Posted in Poetry Craft, Poetry Fun!

I am a Bird – Poetry with Craft!

This is a challenge to write about a living creature in the first person – as if you were that creature. I am going to be a bird – but you could also be a dolphin, a pig, a fish, a dog, or a frog. It does need to be something you can draw, because later, if you want to, you will make your poem into a mobile!

Keep your lines as short as possible.

The first line of your poem will say what you are.

I am a bird!

For your next line, think about what your choice has on the outside – mine has feathers, but yours might have scales, skin, fur or spines. Describe what these things can feel, but instead of saying ‘feel’ say ‘SEE’. My second line is:

my feathers can see the wind

In your third line, describe the way your choice moves- I have chosen fly, but it could be swim, race, jump, run, or hop, any movement your creature makes.

I fly

You are going to describe your creature moving  ‘through the dreams of’:

I fly through the dreams of

Then you need to think of whose dreams they move though –  grass, sea, waves, a stream?  My bird flies over trees. So I have decided on:

I fly through the dreams of trees

Next, choose an adjective to describe your subject. It could be a word that describes appearance or movement or emotion. I could say ‘leafy green’ or ‘swaying’ trees. But I have decided on:

I fly through the dreams of lonely trees

That is your third line finished.

This next line is your last line. You will use the noise your creature makes, and say why they make that sound – using another part of the animal. So if it is a dog, your line might be ‘I bark to make my legs run faster’ or if it is a fish, which cannot make a sound, use whisper – you might say ‘I whisper to tell my scales to shine’. My last line is:

I sing to fill my hollow bones.

So now you have a poem – this is mine:

I am a bird!

My feathers can see the wind

I fly through the dreams of lonely trees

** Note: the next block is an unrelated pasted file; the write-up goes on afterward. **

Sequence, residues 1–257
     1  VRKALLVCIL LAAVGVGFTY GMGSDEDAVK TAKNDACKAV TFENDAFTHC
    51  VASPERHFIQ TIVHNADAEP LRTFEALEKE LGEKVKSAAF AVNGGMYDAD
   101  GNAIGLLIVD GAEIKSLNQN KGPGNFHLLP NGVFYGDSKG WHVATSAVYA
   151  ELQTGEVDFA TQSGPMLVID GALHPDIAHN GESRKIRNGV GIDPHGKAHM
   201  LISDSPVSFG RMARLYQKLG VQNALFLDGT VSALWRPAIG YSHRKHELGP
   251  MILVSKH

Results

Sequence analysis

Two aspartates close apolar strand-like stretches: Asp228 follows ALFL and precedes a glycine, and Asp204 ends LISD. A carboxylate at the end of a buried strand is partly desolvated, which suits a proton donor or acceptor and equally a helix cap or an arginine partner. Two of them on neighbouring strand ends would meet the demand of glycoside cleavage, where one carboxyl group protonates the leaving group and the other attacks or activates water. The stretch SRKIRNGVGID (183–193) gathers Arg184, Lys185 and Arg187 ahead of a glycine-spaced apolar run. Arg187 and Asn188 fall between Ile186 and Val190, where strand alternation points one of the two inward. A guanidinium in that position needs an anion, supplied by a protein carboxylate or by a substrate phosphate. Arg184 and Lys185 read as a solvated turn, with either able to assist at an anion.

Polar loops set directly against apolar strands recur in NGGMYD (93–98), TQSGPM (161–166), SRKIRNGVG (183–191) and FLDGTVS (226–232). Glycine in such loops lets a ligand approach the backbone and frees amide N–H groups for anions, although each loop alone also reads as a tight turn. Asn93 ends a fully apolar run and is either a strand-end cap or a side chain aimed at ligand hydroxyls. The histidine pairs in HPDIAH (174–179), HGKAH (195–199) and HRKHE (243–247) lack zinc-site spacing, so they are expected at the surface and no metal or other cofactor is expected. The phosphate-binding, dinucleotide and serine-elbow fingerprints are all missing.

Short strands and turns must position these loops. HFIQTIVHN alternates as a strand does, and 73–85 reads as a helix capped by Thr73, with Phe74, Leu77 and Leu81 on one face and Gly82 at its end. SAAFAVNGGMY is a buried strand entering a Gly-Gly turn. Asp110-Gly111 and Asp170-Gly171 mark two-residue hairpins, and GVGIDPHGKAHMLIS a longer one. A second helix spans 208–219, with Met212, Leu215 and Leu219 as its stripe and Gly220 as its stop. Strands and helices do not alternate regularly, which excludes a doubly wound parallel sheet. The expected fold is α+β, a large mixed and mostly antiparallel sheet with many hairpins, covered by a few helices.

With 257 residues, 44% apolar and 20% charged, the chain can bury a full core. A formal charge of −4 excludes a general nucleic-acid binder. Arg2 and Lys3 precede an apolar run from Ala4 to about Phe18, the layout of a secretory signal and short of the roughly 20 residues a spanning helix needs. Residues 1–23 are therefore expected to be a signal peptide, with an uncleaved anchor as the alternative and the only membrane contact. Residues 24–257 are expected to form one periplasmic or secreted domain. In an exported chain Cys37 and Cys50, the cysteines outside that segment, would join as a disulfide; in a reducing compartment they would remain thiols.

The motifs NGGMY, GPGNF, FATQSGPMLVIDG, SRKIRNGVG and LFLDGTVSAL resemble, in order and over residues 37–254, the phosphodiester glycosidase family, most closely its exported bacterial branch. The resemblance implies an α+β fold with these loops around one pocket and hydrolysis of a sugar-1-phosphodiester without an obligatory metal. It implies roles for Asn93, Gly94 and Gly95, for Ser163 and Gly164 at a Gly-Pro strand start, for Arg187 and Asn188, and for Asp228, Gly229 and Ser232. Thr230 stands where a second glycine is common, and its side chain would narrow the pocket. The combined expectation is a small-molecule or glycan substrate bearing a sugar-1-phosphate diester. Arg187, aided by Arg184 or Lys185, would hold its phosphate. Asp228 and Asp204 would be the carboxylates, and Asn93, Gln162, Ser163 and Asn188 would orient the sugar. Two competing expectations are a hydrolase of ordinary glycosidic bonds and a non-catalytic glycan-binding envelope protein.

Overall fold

I sing to fill my hollow bones.

Hooray! You might want to put your poem to one side for a day and see if any other ideas come to you. When you next look at it and read it out you might ‘hear’ something that doesn’t sound quite right which you can change. Read your poem to another person – that always helps.

When you are happy with your poem – this is the next step! You are going to make a poem mobile. You will need some fairly stiff A4 paper or card.

Take your paper and fold it in half.

Then fold it in half again:

Open it up and cut along the creases you have made so you have four pieces of paper – if you have large writing or think you will need more space, use two pieces of A4 cut in half.

Now you need to draw your animal four times!

Because I’m drawing a bird, I am using my card sideways on because it is a better shape for drawing a  bird. Make sure that whatever you draw, you make it as big as possible on the card. Remember, you need space to write your poem line on each animal! Here is how I drew my bird:

Next, cut your animal out:

And use it as a template by drawing round it for all the other animals:

Then cut the rest out – you should now have 4 creatures, all the same:

Now to write your poem on your animals! Write it in pencil first. One line on each creature. Decide where your writing looks best on your shape. Experiment until it looks right. Try writing with felt tip on a separate piece of paper like the one you have used, to see if the pen shows though. If it does, use a black crayon to go over your writing. If it does not show through, use felt tip. This is because you are going to write on both sides of your creature. When the felt tip is dry, rub out the pencil lines.

Then colour in your animals, both sides! Use coloured crayons if possible so the writing on your animals shows up.

Next you thread the animals together so they can hang from the ceiling or a window. Thread a thick needle with thick thread. This is embroidery thread. You could use thin ribbon or string and make holes with something else – put the holes near the edge but but be careful not to put the holes too near the edge.

I have threaded the needle and thread through the  middle top of the bottom animal. I have knotted the end of the thread.

Then I have come back through the bottom middle of the next animal up and knotted the thread when I have decided how long I want it to be – a couple of inches is enough:

Then I attached the next bird up in the same way:

When you get to the top bird thread a needle through and knot and leave the end loose for hanging where you want it to be.

Then you are read to put it up! Here is mine – because it is two sided, it doesn’t matter which way the birds turn, you can still read the poem!

I hope you enjoyed making your poem mobile! Of course, you don’t need to make the mobile, you can just write the poem – I’d love to see any poems and any mobiles you make!

 

 

Author:

Poet and owner of Lola the alert dog. Be the Change, Apes to Zebras, The Same Inside, Reaching the Stars, Animal Magic. I visit schools, libraries, literary festivals, and organise poetry events. http://www.poetryroundabout.com http://www.lizbrownleepoet.com

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